Michael Turelli to Discuss Bacterium That May Stop the Spread of Dengue Fever
May 18, 2012
|Michael Turelli will present the Faculty Research Lecture Award seminar at 4:10 p.m., Wednesday, June 6 in 1322 Storer Hall.|
DAVIS--UC Davis theoretical evolutionary biologist Michael Turelli, the recipient of the 2012 Faculty Research Lecture Award, will speak Wednesday afternoon, June 6 on “How Good Luck, Great Collaborators, Pretty Mathematics and a Maternally Inherited Bacterium (Wolbachia) May Stop the Spread of Dengue Fever."
The public seminar, the annual Faculty Research Lecture Award seminar, begins at 4:10 p.m. in 1322 Storer Hall.
Turelli is a distinguished professor of genetics, Department of Evolution and the Center for Population Biology.
Turelli is a member of a research team studying whether the Wolbachia can block mosquitoes from infecting people with the dengue fever virus.
From the Academic Senate, sponsor of the award: "His research has included mathematical analyses in ecology and evolutionary genetics; theoretical and data-analysis approaches to understanding the origin of species, especially patterns of hybrid inviability and sterility and the geography of speciation; and empirical and theoretical analyses of the population biology of Wolbachia, maternally inherited intracellular bacteria found in many insects and other invertebrates."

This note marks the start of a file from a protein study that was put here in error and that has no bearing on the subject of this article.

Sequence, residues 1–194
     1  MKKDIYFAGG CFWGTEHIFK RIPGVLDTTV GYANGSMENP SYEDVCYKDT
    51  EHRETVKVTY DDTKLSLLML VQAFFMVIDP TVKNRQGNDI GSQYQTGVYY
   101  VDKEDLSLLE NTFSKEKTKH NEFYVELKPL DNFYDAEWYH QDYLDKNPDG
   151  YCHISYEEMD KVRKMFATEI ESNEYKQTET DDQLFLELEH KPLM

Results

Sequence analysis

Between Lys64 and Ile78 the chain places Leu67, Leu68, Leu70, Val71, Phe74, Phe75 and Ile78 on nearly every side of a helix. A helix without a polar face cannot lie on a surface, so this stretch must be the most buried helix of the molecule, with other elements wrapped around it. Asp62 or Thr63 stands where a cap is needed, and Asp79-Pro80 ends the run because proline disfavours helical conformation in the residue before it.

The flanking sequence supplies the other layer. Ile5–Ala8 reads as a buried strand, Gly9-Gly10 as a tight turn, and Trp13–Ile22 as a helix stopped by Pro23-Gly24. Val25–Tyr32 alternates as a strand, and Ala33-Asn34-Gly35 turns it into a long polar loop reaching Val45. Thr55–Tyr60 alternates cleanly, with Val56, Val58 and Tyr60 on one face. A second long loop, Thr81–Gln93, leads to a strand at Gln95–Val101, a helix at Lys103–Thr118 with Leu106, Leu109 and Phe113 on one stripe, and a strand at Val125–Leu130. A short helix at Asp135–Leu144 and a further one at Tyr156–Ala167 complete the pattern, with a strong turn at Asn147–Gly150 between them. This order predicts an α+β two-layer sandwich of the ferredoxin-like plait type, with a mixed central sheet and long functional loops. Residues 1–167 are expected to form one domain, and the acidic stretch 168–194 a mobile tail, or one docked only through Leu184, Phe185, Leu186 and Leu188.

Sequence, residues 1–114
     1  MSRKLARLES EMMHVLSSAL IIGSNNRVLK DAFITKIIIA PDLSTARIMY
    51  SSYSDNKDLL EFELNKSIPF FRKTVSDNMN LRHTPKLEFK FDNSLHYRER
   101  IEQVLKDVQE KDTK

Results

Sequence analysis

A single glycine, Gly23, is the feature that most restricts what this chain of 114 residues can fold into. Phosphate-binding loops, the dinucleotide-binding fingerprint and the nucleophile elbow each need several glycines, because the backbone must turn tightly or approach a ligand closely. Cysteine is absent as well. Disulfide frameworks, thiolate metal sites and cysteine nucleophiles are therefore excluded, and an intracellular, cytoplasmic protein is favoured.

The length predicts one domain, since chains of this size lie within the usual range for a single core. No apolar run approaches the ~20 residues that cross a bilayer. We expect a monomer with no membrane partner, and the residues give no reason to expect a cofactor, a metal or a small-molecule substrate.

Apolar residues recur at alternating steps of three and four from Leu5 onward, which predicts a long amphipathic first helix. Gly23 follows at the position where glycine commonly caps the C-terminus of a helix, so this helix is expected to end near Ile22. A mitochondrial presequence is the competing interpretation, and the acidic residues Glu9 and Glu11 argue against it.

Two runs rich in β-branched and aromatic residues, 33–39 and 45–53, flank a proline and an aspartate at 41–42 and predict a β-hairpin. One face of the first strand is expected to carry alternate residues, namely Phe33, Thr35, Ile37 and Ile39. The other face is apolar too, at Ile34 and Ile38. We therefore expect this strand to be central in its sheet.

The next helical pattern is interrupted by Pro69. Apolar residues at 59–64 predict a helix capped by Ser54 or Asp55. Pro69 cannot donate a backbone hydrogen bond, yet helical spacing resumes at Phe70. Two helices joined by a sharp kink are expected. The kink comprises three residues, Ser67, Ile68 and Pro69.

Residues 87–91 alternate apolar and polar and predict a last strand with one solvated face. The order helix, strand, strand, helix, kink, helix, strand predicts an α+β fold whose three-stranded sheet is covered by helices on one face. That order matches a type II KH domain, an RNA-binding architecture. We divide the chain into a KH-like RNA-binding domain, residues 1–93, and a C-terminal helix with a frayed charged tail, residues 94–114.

"Torelli's empirical analyses with professor Ary Hoffmann of Australia of the rapid spread and evolution of Wolbachia underline ongoing research to control the spread of dengue fever with Wolbachia, and his mathematical analyses with professor Nick Barton of Austria are central to deploying this strategy."
His work drew international interest last year with a news story, "Science Community Buzzing with Mosquito Release," by Daniel Bateman in the Cairns Post, Queensland, Australia. A research team, including Torelli, released 6000 lab-bred mosquitoes "bearing a potential bacterial control for dengue fever" and is already working on "tackling malaria," Bateman reported in his Jan. 5, 2011 post.
Turelli received his doctorate in 1977 from the University of Washington in biomathematics and his bachelor's degree in mathematics in 1972 from UC Riverside.
(Editor's note: Professor Thomas Scott of The Department of Entomology and his lab do research on Aedes aegypti, the mosquito the transmits dengue. Faculty affiliated with the Department of Entomology who work on Anopheles mosquitoes, which transmit malaria, are Anthony Cornel, Gregory Lanzaro and Shirley Luckhart.)
--Kathy Keatley Garvey
UC Davis Department of Entomology